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June 11, 1999
Failure of talks could lead to war
George Iype in New Delhi
Pakistan's barbaric act of torturing and mutilating to death six Indian soldiers will be the major topic of discussion when External Affairs Minister Jaswant Singh and his Pakistani counterpart, Sartaj Aziz, sit across the negotiation table tomorrow.
Notwithstanding Pakistan's rejection of India's accusations on the six slain soldiers, Singh and Aziz will spend considerable time on one of the most heinous tortures Indian jawans have ever undergone.
Releasing the post-mortem report today, the government said the Pakistani action was "a barbaric act violating all norms of decorum and civilisation".
The six soldiers' eyeballs had been gouged out and their noses, ears and genitals chopped off. The Indian Army's base hospital in Delhi carried out the post-mortem with the help of two independent observers.
"Our soldiers were subjected to very barbaric treatment and every kind of torture by Pakistan for many days. They were then brutally killed one by one about a week ago," Defence Minister George Fernandes said.
He said Pakistan had violated all values and norms of civilised behaviour and international law, and called the action "simply unpardonable".
Addressing the press on the eve of his talks with Aziz, the external affairs minister also termed the treatment meted out to the soldiers "barbaric and mediaeval". "We demand that Pakistan identify the culprits and punish them," he said.
But Singh also said India is committed to go ahead with the dialogue because "we are committed that peace should prevail".
External affairs ministry officials preparing for the dialogue said "the talks have been doomed even before they took place" because of Pakistan's devious game plan.
By keeping the Indian soldiers in custody for a week and mutilating their bodies before sending them back, Pakistan is indulging in a new strategy of putting pressure on India to take a non-conciliatory approach so as to compel international intervention in the Kargil conflict.
"We are aware that Pakistan has launched all kinds of sinister attempts to ensure that the dialogue is a failure," one official told Rediff On The NeT.
He said Pakistan's ploy is "to escalate the battle in Kargil and force international mediation on Kashmir. Then only will their biggest armed intrusion in Kashmir in the past three decades produce the results they want."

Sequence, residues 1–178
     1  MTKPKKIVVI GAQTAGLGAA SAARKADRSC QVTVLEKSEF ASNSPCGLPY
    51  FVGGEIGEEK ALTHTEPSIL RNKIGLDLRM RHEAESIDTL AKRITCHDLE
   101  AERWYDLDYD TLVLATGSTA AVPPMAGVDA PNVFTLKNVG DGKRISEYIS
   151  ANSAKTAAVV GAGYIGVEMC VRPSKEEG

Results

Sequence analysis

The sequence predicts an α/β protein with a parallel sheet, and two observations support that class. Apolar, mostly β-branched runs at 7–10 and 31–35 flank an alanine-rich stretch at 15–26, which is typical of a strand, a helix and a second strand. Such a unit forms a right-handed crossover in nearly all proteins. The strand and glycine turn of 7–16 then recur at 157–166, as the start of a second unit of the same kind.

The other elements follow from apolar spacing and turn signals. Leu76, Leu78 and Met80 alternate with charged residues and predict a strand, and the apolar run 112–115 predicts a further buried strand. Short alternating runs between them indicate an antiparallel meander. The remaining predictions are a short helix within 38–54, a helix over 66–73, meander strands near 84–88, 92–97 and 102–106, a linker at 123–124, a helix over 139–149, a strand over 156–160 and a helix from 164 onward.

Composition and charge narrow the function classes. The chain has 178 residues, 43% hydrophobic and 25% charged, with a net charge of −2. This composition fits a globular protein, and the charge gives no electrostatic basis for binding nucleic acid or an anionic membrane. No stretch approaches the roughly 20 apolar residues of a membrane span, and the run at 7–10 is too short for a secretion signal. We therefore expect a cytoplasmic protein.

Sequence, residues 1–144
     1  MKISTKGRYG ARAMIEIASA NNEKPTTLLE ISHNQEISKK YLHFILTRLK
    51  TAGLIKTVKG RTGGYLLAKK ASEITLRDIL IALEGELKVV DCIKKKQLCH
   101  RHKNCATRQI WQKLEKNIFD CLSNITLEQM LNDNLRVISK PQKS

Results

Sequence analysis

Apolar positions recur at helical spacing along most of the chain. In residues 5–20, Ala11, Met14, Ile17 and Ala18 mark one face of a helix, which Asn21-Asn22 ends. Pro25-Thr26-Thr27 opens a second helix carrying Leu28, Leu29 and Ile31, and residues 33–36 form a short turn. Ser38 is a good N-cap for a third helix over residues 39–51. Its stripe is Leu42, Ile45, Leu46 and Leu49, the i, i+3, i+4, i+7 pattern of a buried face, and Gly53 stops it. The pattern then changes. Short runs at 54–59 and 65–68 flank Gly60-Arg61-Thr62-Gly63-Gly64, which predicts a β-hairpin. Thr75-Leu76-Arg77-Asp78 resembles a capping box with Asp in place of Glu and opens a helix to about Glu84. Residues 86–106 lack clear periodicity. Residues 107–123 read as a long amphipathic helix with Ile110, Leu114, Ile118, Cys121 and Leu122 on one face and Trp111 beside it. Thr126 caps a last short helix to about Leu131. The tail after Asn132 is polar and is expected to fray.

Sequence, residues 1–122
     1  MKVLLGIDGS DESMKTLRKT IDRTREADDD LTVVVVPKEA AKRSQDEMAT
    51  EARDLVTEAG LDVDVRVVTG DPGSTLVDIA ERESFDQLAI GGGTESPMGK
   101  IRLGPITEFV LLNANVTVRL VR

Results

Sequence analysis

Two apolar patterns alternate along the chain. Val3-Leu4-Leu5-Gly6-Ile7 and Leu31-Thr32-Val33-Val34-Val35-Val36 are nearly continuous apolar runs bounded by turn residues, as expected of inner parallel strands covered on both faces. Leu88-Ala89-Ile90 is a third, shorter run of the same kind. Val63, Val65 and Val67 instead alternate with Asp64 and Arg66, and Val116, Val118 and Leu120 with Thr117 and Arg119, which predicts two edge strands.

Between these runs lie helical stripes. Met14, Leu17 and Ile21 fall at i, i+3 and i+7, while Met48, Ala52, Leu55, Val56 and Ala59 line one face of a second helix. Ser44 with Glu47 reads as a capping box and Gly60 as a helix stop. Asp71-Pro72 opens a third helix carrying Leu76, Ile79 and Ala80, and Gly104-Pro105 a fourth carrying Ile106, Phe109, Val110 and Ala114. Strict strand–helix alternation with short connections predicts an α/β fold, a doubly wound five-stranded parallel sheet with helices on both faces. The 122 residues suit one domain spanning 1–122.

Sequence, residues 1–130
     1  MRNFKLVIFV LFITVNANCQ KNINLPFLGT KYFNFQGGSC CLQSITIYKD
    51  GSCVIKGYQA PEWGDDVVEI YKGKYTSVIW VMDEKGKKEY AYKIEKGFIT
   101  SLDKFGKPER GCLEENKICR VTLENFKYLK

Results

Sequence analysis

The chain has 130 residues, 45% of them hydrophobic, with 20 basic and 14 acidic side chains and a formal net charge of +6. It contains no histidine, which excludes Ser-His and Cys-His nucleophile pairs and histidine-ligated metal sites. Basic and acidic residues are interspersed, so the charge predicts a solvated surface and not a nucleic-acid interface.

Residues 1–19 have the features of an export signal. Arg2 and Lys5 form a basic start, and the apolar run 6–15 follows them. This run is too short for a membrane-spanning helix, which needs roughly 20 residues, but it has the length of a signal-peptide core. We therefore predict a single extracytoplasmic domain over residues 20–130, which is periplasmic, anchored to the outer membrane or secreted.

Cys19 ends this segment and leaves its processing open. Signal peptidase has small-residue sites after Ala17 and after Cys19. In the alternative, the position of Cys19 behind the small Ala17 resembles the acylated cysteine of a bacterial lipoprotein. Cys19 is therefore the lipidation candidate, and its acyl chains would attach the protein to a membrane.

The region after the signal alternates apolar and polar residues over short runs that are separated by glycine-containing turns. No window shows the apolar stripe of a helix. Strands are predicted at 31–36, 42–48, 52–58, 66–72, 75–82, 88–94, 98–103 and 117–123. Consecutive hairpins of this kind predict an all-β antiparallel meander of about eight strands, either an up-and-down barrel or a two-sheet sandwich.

In fact, on the eve of the talks, Pakistan has stepped up the pressure on India with new revelations.
Military officials in Islamabad claimed today that the Pakistani Army is in a good position to cut off the main supply route for the Indian soldiers stationed on the Siachen glacier.
Indian officials admitted that the Pakistani intrusion across the Line of Control in the past six months has been so extensive that it will not be surprising if they block the reinforcement routes.
"Pakistan is now talking from a position of strength because their intrusion has been successful. Therefore, if the Aziz-Singh talks fail, India will be forced to act tough," the external affairs official said.
"There is only a remote chance of a breakthrough during the dialogue. Hence, we do not even rule out that the Kargil crisis can lead to a full-fledged war," the official added.
The main feature of the dialogue will be the hard stance on the LoC. Aziz will stick to Pakistan's demand for demarcating the LoC afresh. Singh will reject it outright, forcing the talks to end in a stalemate.
Prime Minister Atal Bihar Vajpayee also asserted on Friday that the LoC would never be negotiable, adding that Pakistan's intrusion in Kashmir will be the only item on the agenda for the Aziz-Singh talks.
"The LoC is clearly defined and marked on maps bearing the signatures of the representatives of both countries," he said.
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